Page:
FREEPORT — Most of us see a bucket of old bike parts as junk, useless scrap destined for the landfill. Worn out cogs, broken chains, flat tires and warped disc breaks do not strike the average person as potential works of art.
But that is exactly how Angela Armstrong sees them.
“It all started one day when I was out painting in the garage,” Armstrong said. “I looked over at my bike and saw the cog, and it just hit me. I thought, wouldn’t it be cool if I could incorporate glass into that?” Soon after, she took a class at the Maine Art Glass Studio and began mingling old bike parts with colorful pieces of glass.
Armstrong, 33, grew up in Greenville, a small town on the shore of Moosehead Lake. Anyone who grew up in a small town knows that the bicycle is not only a main source of transportation, it is your ticket to fun and freedom.
“When I was a kid I loved riding my bike, I rode it everywhere,” Armstrong said between sips of coffee. “I had a dish-washing job at an inn that was about 10 miles away and I would ride my bike there and back, and art was always a big part of my life. If I wasn’t on my bike I was painting or drawing.”
Armstrong’s life-long passion for cycling, recycling and art has coalesced into Recycled Bike Art, her studio and gallery. It is a cozy below-ground boutique tucked away at 4 School St. The rear of the space serves as Armstrong’s workshop, where she transforms buckets of old bike parts (given to her by bike shops) into wall clocks, sun catchers, picture frames and belt buckles. There are also bird houses with pedal perches and bike chain jewelry made by other local artists.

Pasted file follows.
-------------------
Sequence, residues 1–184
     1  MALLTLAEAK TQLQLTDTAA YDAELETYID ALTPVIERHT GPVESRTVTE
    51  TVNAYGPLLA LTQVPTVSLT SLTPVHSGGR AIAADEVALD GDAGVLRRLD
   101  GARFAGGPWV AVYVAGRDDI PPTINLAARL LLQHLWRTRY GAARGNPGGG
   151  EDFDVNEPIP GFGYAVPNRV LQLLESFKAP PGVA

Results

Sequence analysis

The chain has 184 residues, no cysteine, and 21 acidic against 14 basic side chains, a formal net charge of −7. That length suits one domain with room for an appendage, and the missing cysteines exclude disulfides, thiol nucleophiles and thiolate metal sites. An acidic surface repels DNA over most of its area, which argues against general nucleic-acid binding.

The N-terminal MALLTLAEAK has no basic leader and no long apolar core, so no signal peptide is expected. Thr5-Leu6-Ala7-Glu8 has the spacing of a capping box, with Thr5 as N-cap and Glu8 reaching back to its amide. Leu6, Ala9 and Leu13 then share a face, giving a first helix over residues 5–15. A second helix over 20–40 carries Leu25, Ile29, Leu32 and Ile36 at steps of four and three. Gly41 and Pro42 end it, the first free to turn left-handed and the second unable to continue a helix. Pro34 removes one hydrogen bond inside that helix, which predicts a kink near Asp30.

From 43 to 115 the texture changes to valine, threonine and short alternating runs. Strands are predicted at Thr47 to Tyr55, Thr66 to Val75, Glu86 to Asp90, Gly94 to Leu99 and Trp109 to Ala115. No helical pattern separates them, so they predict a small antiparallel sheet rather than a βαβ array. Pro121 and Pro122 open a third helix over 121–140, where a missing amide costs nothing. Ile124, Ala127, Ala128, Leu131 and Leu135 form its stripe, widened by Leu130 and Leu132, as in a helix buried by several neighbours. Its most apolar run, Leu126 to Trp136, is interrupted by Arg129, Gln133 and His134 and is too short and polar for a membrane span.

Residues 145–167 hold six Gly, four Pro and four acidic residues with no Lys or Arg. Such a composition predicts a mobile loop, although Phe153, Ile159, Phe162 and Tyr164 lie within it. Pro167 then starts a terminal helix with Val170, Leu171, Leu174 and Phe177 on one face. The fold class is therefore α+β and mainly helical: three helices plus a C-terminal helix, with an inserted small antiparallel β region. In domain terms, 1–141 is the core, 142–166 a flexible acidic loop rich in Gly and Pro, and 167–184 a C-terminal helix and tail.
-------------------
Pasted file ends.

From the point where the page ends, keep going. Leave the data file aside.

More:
“These are my favorite things to make,” Armstrong said, holding up a first-place medal, the result of a process that involves painting, sandblasting, etching and stain-glass techniques. Not only are they her favorite things to create, they are fast becoming her most popular item. Last year her medals were awarded to both the all-around winners of the Lobsterman and Urban Epic triathlons.
Someday, Armstrong said, she hopes to bring in more artists, and turn Recycled Bike Art into more of a cooperatively run art studio, with a cycling twist.
For now, although Recycled Bike Art keeps her pretty busy, Armstrong said she still finds time to compete in a couple races per year and ride with her cycling club, The Lady Breakers.
“Cycling and art are my two passions in life,” she said. “Luckily I’ve been able to combine them.”
Angela Armstrong, outside Recycled Bike Art, her studio and gallery at 4 School St. in Freeport. She said cycling and art are her passions. (Jared Thurber photo)